January 18, 2018 NB Accounting Services Limited

9 WAYS TO CUT YOUR TAX BILL – allowable expenses for Employees

If you are employed, you are limited in what you can offset against Income Tax. However, there are still a few useful tips to reduce taxable income:

1. Mileage allowances

If you use your personal car for work and the mileage allowance that your employer pays you is less than the HMRC rate, you can claim the balance. The first 10,000 business miles can be claimed at a rate of 45p per mile. Over 10,000 miles the allowable HMRC rate drops to 25p per mile. Additionally, you can claim 24p per business mile for motorcycles and 20p per mile for bicycles. If you are paid less than these rates by your employer, you can claim the difference on your self-assessment return.

2. Travel and overnight expenses

If you have to travel for your work you may be able to claim tax relief on the money you have spent on public transport, food, parking, or overnight accommodation.

3. Professional fees and subscriptions

If you are a member of a professional body and pay annual fees, you will be able to offset them against tax. You can claim tax relief on professional fees, membership fees, subscriptions, if they are necessary or beneficial for your work. Union fees do not always count. Please, check the HMRC list of approved memberships here before claiming tax back.

4. Charitable donations.

If you are a higher rate taxpayer and have made gift aided charitable donations, you can claim tax relief on them. For example, if you gave £1,000 to Children in Need and you are a 40% taxpayer, you can claim £250 against the tax bill.

Most employer-organised Give-As-You-Earn schemes are paid out of gross salary but not always. The same is with pension contributions. Most are paid out of gross salary, but if not, you can claim back all the tax that you paid on the extra pension contribution. Check this with your employer.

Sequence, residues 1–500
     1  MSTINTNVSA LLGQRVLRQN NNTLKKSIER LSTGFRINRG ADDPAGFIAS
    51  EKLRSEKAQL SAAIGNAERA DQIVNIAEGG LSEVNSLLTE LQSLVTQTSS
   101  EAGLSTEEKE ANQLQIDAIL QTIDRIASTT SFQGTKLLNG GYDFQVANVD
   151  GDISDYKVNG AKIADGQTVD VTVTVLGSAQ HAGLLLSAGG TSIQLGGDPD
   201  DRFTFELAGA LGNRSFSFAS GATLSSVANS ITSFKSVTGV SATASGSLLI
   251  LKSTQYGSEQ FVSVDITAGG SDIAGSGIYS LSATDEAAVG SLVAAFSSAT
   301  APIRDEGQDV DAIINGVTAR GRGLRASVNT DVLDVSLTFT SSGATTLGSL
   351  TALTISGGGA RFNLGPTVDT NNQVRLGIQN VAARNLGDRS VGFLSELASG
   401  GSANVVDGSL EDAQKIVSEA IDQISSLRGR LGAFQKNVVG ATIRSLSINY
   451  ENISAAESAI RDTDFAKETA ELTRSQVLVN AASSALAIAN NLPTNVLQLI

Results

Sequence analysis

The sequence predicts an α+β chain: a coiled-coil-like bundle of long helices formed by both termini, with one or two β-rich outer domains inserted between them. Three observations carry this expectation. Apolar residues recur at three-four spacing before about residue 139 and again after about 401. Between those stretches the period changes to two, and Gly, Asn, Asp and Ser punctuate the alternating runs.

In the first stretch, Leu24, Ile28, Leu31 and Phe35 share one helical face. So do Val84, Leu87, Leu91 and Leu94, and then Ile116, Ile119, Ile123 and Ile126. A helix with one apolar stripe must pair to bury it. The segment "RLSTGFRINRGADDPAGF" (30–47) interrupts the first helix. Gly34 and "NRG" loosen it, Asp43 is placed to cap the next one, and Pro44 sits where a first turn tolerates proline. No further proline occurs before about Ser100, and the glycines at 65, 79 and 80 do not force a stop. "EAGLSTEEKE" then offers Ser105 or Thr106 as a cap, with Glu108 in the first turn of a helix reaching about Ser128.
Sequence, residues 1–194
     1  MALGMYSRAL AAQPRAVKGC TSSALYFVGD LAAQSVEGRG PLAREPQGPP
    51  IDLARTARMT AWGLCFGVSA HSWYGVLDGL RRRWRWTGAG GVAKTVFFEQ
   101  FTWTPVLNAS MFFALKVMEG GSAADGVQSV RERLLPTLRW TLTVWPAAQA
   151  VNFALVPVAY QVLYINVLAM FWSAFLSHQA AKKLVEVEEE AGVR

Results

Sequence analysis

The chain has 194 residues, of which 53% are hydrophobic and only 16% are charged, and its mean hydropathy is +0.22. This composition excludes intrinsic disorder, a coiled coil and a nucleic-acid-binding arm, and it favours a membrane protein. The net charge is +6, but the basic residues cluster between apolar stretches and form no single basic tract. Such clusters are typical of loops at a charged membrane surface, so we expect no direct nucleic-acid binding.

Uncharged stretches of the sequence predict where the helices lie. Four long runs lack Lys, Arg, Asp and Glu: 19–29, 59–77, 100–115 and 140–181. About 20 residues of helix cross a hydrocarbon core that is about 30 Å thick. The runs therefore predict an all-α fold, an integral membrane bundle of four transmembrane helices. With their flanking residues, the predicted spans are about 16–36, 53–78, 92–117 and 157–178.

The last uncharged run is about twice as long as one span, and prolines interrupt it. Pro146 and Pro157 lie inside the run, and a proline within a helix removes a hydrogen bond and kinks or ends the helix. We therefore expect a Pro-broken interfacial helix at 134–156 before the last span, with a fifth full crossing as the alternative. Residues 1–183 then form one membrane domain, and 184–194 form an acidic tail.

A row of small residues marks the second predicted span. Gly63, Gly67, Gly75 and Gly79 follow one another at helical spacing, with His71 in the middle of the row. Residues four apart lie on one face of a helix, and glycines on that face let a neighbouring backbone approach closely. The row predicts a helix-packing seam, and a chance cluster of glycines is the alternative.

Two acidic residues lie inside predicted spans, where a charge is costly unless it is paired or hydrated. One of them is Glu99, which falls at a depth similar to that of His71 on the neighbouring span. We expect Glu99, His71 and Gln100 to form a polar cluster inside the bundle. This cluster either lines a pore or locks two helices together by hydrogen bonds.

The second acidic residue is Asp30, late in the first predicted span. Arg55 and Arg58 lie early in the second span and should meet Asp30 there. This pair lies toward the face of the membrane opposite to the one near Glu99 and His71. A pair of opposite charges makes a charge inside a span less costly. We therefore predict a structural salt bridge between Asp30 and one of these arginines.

5. Uniforms and specialist clothing

If you pay for your uniform or specialist protective clothing, the cost can be deducted against taxable income. You can claim what you have spent (make sure to keep receipts). Alternatively, you can claim flat rate deductions. HMRC has agreed amounts that are typically spent each year by employees in different occupations. You can check this information here.

6. Working from home

If you are required to work from home by your employer, you are entitled to claim a home working allowance. It helps with increased household costs because of business use, such as phone, electricity and gas.  Currently, allowable amount you can claim is £4 per week.

7. The marriage allowance – save up to £230 each year

Marriage allowance can be used if one person in a couple is a low earner. Since April 2015 couples in which one person pays no tax because their income is less than the personal allowance (in 2017-2018 tax year – £11,500) have been able to transfer £1,500 of that allowance to their tax-paying partner. Currently the rebate is worth £230 a year. It only applies if the earning partner (married or civil partnership) earns £11,501-£45,000. Applicants can backdate their claim to the previous tax years, and receive a payment of up to £662. You can claim marriage allowance here.

8. Tools replacement

You can claim tax relief on the maintenance/ cleaning/ replacement of equipment. However, you cannot claim for the initial cost of buying these items. That is, of course, only if your employer did not already compensate you for these costs. To find out more about this relief you will need to check with HMRC or your accountant.

9. Capital Allowances

If you have to buy equipment for work that your employer does not pay for, you may be able to claim capital allowance tax relief. The example HMRC gives is of a filing cabinet purchased by an employee for work, but not paid for by the employer.

Note. You can only claim relief on things that are used just for your work and which you do not use privately. Also, you cannot claim relief on things which were already reimbursed by your employer. You must keep records of what you have spent, and claim within 4 years of the end of the tax year that you spent the money.

How to claim?

The way you claim tax relief on expenses depends on the amount you’re claiming for.

You can make your claim up to £2,500 using:

  • a Self-Assessment tax return if you already fill one in
  • online or by printing and posting form P87 if you don’t already fill in a tax return
  • by phone if you have had a successful claim in a previous year and your expenses are less than £1,000 (or £2,500 for professional fees and subscriptions)

Claims over £2,500 can only be made by using a Self-Assessment tax return.

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